Women’s Day. The reason to talk about wonderful polish poet Wisława Szymborska. She had a great impact into polish modern poetry and into cracovian bohema. I hope that some of you know her already. If not, I hope you’ll like the poem below and you’ll search for more. This time only in English.
About Wisława Szymborska – by my cute friend Marta G. ♥
Wisława Szymborska is considered to have been one of the most prominent figures of Polish poetry. She was born in 1923 in Bnin, a small town in Western Poland, but at the age of eight her family moved to Kraków where she had lived most of her life and where she died at the age of eighty-eight on February 1, 2012. Szymborska studied Polish literature and sociology at Jagiellonian University. During her university years she made her first steps as a poet and an editor whilst she became involved in literacy scene of Kraków. Her poetry, as it could be expected, was highly influenced by the World War II and politics but Szymborska went much further than that. The reason that her poetry is so remarkable is that she managed to engage a single human-being in the universal context. She writes about our existential conditions better than anyone I know. She’s an expert in capturing little things of our everyday lives and putting them into the bigger picture. She is also known for her beautiful love poems which are always slightly ironic, because there is no one thing in this world that we should be taking too seriously. In 1996, Szymborska won the Nobel Prize in Literature. Her other prizes included the Polish PEN Club prize, the Goethe Prize and the Herder Prize.
One her well-known poem.
Nothing can ever happen twice.
In consequence, the sorry fact is
that we arrive here improvised
and leave without the chance to practice.
Even if there is no one dumber,
if you’re the planet’s biggest dunce,
you can’t repeat the class in summer:
this course is only offered once.
No day copies yesterday,
no two nights will teach what bliss is
in precisely the same way,
with precisely the same kisses.
One day, perhaps some idle tongue
mentions your name by accident:
I feel as if a rose were flung
into the room, all hue and scent.
The next day, though you’re here with me,
I can’t help looking at the clock:
A rose? A rose? What could that be?
Is it a flower or a rock?
Why do we treat the fleeting day
with so much needless fear and sorrow?
It’s in its nature not to stay:
Today is always gone tomorrow.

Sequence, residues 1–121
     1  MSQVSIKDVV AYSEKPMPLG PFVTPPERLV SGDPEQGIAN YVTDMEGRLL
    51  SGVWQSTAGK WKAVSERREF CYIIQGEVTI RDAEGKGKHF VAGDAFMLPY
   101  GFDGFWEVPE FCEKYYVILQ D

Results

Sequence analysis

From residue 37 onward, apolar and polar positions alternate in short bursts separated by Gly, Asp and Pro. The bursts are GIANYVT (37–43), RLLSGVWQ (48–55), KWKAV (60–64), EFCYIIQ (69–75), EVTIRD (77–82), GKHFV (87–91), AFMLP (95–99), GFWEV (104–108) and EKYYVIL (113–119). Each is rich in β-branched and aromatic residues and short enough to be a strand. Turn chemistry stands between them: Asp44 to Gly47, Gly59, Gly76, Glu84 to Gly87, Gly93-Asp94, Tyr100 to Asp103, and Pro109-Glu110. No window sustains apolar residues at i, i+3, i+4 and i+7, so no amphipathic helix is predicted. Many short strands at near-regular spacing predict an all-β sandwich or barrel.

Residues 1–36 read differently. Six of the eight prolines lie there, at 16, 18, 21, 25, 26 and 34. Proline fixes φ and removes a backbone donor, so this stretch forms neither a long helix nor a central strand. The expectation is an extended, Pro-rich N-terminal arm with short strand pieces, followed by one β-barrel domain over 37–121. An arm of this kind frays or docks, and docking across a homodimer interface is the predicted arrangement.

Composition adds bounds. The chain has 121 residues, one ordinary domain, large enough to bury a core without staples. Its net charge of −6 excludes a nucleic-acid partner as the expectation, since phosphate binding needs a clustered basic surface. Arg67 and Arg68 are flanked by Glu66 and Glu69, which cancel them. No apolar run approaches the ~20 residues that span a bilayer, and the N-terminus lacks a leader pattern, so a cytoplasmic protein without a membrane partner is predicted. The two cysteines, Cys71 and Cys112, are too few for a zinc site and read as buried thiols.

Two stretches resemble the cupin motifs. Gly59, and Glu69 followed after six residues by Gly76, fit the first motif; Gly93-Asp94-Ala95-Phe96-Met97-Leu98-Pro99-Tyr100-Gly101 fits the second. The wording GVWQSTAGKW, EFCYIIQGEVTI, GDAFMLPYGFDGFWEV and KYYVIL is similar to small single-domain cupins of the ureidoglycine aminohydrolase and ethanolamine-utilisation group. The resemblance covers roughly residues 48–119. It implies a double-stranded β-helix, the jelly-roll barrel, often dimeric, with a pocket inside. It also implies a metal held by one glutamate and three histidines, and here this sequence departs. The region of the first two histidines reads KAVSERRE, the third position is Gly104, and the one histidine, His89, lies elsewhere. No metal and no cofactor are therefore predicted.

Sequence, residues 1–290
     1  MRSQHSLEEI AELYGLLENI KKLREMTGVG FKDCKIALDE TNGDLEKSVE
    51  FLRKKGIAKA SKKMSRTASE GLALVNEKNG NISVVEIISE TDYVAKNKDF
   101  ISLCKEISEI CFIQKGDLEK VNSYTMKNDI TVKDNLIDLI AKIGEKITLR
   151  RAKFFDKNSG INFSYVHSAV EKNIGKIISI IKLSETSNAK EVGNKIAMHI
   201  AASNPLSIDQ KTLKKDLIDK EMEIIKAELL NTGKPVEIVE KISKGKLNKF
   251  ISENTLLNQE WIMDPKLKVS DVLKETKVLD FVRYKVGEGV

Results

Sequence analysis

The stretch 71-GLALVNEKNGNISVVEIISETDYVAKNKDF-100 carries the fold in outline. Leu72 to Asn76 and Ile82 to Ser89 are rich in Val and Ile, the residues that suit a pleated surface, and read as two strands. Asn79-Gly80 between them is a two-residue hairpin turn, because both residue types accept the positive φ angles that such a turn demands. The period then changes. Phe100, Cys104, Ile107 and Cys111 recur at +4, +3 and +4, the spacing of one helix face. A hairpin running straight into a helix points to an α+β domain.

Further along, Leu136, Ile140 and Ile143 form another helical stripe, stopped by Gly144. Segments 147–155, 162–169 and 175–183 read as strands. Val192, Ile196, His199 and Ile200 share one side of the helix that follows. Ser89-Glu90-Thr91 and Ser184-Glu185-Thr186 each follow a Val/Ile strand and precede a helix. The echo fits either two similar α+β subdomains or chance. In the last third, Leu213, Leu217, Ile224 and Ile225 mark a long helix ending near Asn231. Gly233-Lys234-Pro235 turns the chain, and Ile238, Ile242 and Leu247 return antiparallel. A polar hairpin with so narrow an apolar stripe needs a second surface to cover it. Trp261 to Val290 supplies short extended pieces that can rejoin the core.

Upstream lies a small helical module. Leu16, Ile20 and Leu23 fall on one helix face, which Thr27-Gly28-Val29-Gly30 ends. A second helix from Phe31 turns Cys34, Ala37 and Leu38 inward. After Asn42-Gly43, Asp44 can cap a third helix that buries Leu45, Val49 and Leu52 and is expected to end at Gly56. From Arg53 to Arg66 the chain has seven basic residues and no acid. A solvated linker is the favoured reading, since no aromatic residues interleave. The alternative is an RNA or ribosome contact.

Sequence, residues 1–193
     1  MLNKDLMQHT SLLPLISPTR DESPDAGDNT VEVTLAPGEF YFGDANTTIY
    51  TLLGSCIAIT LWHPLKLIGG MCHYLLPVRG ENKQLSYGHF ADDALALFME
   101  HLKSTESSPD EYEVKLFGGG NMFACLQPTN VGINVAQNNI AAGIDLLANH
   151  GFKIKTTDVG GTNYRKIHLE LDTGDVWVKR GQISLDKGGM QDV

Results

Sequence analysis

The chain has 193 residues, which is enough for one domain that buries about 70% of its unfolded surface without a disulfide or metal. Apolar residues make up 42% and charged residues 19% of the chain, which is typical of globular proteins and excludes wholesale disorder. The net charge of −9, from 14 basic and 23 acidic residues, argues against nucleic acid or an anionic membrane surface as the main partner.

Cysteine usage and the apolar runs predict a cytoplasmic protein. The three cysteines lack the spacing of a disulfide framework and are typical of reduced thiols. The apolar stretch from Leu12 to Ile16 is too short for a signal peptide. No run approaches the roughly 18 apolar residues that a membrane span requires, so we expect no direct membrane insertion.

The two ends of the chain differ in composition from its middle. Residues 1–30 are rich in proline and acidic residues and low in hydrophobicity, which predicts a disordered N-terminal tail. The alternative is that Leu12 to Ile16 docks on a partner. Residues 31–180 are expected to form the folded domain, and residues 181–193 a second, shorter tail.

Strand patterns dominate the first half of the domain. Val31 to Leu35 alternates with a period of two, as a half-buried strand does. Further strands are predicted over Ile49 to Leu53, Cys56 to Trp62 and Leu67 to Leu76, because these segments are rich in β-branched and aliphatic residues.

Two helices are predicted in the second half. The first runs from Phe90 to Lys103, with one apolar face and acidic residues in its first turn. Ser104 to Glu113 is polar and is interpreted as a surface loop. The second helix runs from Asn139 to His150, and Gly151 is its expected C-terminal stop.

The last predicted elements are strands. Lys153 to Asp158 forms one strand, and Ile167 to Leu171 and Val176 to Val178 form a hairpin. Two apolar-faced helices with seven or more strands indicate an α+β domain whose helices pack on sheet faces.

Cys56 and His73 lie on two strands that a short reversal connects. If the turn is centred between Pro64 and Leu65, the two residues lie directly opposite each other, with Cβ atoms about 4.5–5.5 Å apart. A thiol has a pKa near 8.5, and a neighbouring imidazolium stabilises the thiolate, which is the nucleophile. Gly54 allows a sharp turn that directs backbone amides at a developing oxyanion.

With smiles and kisses, we prefer
to seek accord beneath our star,
although we’re different (we concur)
just as two drops of water are.
translated by Clare Cavanagh and Stanislaw Baranczak
Marta has translated one of the poem and decided to share with us. Thank you, my dear!
„Love at first sight”
They are both so convinced that
the feeling they felt was so sudden.
It’s beautiful, such certainty,
but uncertainty is better.
They think that if they didn’t know each other before,
nothing ever could’ve happened between them.
What would have to say about this all the streets,
on which they could be passing each other
for so long now?
I would like to ask them if they remember –
maybe in the revolving door face to face?
„Excuse me” in the crowd?
a voice „wrong number” on the phone?
-but I know their answer.
No, they don’t remember.
They’d be very surprised to hear that
for a long time now
a coincidence was playing with their lives.
Not yet ready for them to turn into fate,
it would bring them closer and then further again,
it would make them cross in the street
and jump aside in the last moment
suppressing a giggle.
There were signs and signals
so what that illegible,
Maybe three years ago
or the last Tuesday
one of the leafs flew from one shoulder to another?
There was something lost and something picked up from the street.
maybe yet a ball in the bushes of childhood?
There were door knobs and bells
on which sometimes a touch would set on touch.
Luggages laying next to each other in the waiting store.
the same dream blurred right away after waking up.
Yet every beginning is just a „to be continued”
and the book of incidents is always opened in the middle.
She is also an author of many cute, funny, ironic collages you see above. You can see original ones in the National Museum of Cracow on the exhibition Szymborska’s Drawer. It’s wonderful, I hardly recommend you to go there and meet Szymborska.
So to fall in love with her, search for her poests were translated into English. Few years ago there was published a volume of her poetry, buy it in Empik or Znak.
And one amazing project to find out more about her work. Fortuna Plays Szymborska mixes her voice with a music as a backgound for her great collages. All translated into English. Beautiful thing.